This is the time of year for family gatherings. While you tell old stories, laugh at good times and re-fight old fights, think about your family legacy. Parenting has a ripple effect that continues for generations beyond the “original” set of parents.
When I hear horrific stories of child abuse, I shudder not only for the child but I also wonder about the abuser. Sadly, he (or she) probably had the same horrific things done to him as a child. The pattern often continues for generations unless someone is able to make a conscious effort to break the pattern.
The world values knowledge. We spend millions of dollars on education. Large cash prizes are awarded each year by the Noble committee to people they feel have contributed the most to certain fields of knowledge. Game shows give value to having even the most trivial knowledge as a part of your repertoire.
Yet we look around us in the world and see what looks like an absolute mess. If people are so smart, why are there so many problems in the world? Why do equally well educated people have polar opposite opinions on almost any topic? Why does it appear that seemingly well educated, intelligent people make really poor choices?
A few years ago, some experts decided children with behavior problems suffered from low self-esteem. A campaign began to educate parents and teachers on how to improve the self-esteem of children to minimize bullying and other negative behaviors. It started out innocently enough. Parents were told to encourage their children instead of constantly criticizing them. Surely, there were quite a few parents who needed a reminder that constant criticism without some praise and loving words thrown in was potentially damaging.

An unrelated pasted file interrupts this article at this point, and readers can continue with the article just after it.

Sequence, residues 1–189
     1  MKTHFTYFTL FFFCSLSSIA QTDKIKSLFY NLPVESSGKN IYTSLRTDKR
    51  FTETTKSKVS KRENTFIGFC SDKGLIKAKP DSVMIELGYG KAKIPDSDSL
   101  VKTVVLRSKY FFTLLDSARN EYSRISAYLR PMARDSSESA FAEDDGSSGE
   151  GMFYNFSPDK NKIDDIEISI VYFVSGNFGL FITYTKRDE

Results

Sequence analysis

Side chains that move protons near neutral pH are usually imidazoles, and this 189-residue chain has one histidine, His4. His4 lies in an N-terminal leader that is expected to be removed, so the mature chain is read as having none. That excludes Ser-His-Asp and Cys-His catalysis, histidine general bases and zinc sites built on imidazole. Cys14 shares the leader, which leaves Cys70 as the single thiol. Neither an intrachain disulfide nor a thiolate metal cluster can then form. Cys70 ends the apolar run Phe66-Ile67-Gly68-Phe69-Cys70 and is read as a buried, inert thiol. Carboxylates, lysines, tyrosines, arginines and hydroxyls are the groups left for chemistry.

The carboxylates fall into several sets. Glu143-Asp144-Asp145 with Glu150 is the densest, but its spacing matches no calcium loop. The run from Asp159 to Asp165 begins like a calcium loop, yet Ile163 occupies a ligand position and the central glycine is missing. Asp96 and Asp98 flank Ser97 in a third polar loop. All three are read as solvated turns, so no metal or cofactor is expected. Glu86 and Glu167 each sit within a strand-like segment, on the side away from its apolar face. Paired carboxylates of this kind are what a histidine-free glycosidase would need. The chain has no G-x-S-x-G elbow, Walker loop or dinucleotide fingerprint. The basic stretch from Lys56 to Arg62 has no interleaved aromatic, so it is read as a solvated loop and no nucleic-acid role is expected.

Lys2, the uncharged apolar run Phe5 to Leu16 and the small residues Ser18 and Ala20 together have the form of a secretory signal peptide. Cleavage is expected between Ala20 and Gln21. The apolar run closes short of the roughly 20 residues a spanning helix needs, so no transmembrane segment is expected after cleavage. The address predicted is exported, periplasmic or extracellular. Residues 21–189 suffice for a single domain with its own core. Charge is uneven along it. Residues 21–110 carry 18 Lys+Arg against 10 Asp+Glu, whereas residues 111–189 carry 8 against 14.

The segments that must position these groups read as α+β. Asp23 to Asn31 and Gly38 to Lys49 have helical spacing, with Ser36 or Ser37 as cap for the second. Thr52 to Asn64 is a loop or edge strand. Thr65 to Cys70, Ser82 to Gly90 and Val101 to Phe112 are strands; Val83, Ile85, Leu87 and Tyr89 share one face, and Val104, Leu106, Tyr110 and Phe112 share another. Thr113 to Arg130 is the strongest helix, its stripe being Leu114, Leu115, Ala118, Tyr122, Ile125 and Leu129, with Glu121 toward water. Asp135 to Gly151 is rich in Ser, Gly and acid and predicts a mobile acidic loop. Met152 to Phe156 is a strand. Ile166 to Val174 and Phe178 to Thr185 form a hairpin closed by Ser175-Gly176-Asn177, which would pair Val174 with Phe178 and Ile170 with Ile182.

But by the time my child reached school age, things were getting out of control. Children were allowed multiple chances to behave before a rule was enforced and consequences given. They were learning stop light colors and fractions more than they were learning to obey. There couldn’t be a dean’s list because the children who didn’t make good grades might “feel badly about themselves”. There were hardly any competitions, because it hurt a child’s feelings to lose.
Parents often take their child’s future college education very seriously. Toddlers spend beautiful afternoons touring the “right” college campus, particularly near the football stadium. Elementary students are admonished to study so they can have the grades to go to a “great” college. Children practice pitches from dusk to dawn so they can have the skills for a baseball scholarship to the “best” program.
How much time though, do we spend with our child pointing out the characteristics of the “best” husband? How often do we help our child practice his relational skills so he can have a “great” marriage? How much do we emphasize the importance of finding the “right” spouse to our child?
Lately, my teenage daughter and I have enjoyed watching re-runs of the old Waltons show from the 1970’s. I love laughing about how the supposed Virginians mispronounce Monticello. My daughter enjoys spotting the road we saw at the Warner Brothers Studio in CA. The best thing about the show is that it celebrates something many people no longer enjoy – several different generations having fun spending time together and learning from each other.
Sometime in the last twenty years we have almost totally lost the ability to spend time with anyone who is not our age or in the same exact spot in life as we are. I am sure it started with the 1960’s version of “Don’t trust anyone over 30.” Over the years, it has morphed into “If someone isn’t just like you, they don’t have a clue what you are going through or how to make it better.” The problem is that this attitude has also invaded our churches.